Johnny America


Re­view: An Orc in Antwerp


Philip Roth show­cas­es a ten­der side in an oblique but grimy ex­plo­ration of tough love in hu­man-pig­man relations.

Philip Roth’s An Orc in Antwerp de­tails, with re­mark­able del­i­ca­cy, three days in the life of Jaz­abaal, Antwer­p’s on­ly li­censed sex orc. In a clear homage to the struc­ture of Span­ish broth­el mys­ter­ies of the 1700s, each of her cus­tomers has their al­lot­ted two hours ten­der­ly but sys­tem­at­i­cal­ly chron­i­cled, as they come and go seem­ing­ly with­out im­pact on the warty, brutish body and psy­che of the pro­fes­sion­al. These face­less, up­stand­ing char­ac­ters pay hand­some­ly to be in­tro­duced to the sex­u­al habits of the orc, that mon­strous race which has evolved, side-by-aide with hu­mans, not ever so far from their ori­gins as wild pigs of the forest.

The clients for their part are sub­ject­ed to degra­da­tions more in­tense and de­praved than any­thing that could rea­son­ably be imag­ined from their fel­low man, re­veal­ing in Roth a pre­vi­ous­ly un­seen flair for the juici­er el­e­ments of fan­ta­sy. The im­pli­ca­tion here, ex­pressed in an ear­ly scene by a per­vert’s dis­ap­point­ing en­counter with a “frigid tapir,” is that bes­tial­i­ty is fine as long as you don’t mind your part­ner hav­ing lit­tle to no cre­ative in­put in­to your in­ter­course, but with the ar­rival of the orc in Eu­rope these char­ac­ters find an an­i­mal that can fuck them back in ways that ex­press not just the body but the red mind of the beast. From Jaz­abaal’s per­spec­tive, what she prac­tices on her cus­tomers is very dif­fer­ent from the dense­ly rit­u­al­is­tic ec­sta­sy of love­mak­ing with oth­er orcs, the ex­tend­ed scenes of which Roth fills with pat­terned, deeply felt vul­gar­i­ties and back­break­ing thir­ty minute or­gasms. As a pro­tag­o­nist, she’s a tough nut to crack, but it is these pas­sages that show her at her best, briefly es­cap­ing from a world in which we have ir­rev­o­ca­bly con­fused love and violence.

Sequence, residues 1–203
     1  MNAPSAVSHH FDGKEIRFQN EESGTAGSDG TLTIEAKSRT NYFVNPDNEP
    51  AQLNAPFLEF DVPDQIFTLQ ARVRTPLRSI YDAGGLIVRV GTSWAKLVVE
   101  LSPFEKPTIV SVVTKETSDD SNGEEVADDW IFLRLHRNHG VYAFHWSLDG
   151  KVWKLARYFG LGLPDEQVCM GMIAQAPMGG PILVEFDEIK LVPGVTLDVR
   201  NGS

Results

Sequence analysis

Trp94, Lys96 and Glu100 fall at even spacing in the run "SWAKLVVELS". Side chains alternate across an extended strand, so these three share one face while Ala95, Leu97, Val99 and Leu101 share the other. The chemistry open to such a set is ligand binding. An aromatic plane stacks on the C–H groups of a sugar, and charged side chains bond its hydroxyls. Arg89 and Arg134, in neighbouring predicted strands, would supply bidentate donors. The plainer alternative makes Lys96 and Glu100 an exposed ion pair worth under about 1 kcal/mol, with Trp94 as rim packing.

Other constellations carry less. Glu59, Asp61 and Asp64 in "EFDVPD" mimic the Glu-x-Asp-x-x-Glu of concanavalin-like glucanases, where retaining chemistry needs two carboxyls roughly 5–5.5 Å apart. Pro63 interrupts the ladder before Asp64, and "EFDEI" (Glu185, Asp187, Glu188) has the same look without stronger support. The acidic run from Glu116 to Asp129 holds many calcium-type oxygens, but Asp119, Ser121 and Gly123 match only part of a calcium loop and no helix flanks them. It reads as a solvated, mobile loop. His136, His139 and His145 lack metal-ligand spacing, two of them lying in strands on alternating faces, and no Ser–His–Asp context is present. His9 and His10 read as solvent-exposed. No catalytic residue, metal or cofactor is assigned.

With her clients she pur­veys what she thinks of as a kind of sex­u­al butch­ery; an ar­ti­sanal but pas­sion­less treat­ment of meat. Johns and Janes, sum­moned to ap­point­ments by an in­sou­ciant phone call to the fam­i­ly house, come away hav­ing been par­tial­ly cooked, beat­en with a bag of Jaz­abaal’s own toe­nails (“heavy as wal­nuts and sharp as thorns”), choked in pus, ure­thral­ly gored and oc­ca­sion­al­ly miss­ing dig­its, if that’s what it takes. Roth por­trays it as a mark both of shame and of gen­tle­man­ly re­fine­ment to have your wife or hus­band be in­formed in this man­ner that you have been il­lic­it­ly vis­it­ing the sex orc, but the glimpses that he al­lows us in­to the pub­lic lives of the fam­i­lies are just enough to tan­ta­lize be­fore he re­turns to his pre­ferred sphere — the claus­tro­pho­bia of the boudoir. Pe­riph­er­al char­ac­ters will oc­ca­sion­al­ly com­ment on how the un­speak­able hor­ror of their sit­u­a­tion is in­evitably tem­pered by the pride that one’s spouse is a vir­ile, vi­tal, and phys­i­cal­ly pow­er­ful enough to take on this kind of ex­pe­ri­ence; an op­ti­mistic out­look that one sens­es on­ly Roth could pull off with a straight face. His pity in­stead lies with the rich men and women who, hav­ing been eject­ed from their homes, ap­pear in Jaz­abaal’s par­lor and break down in front of the orc who ru­ined their lives, un­able to break down in front of any­one else. But pity is ul­ti­mate­ly short lived and in short sup­ply in Roth’s Antwerp, and Jaz­abaal re­sponds in the on­ly way ap­pro­pri­ate: by kick­ing them in the head, re­triev­ing the jagged yet pli­able car­ti­lage dil­do from the vel­vet-lined case (swift­ly be­com­ing a fa­mil­iar trope for late-pe­ri­od Roth) and drag­ging them to the bed­room by whichev­er wretched body part first comes to hand. Of­ten ac­cused by his crit­ics of hav­ing no feel for women or orcs, Roth, like his tit­u­lar dom­i­na­trix, seems de­ter­mined to beat out these no­tions in the kind­est way possible.

Filed under Books on April 10th, 2015

Care to Share?

Consider posting a note of comment on this item:


Previous Post


Next Post


Join our Irregular Mailing List

For very occasional ramblings, word about new print ephemera, and of course exciting investment opportunities.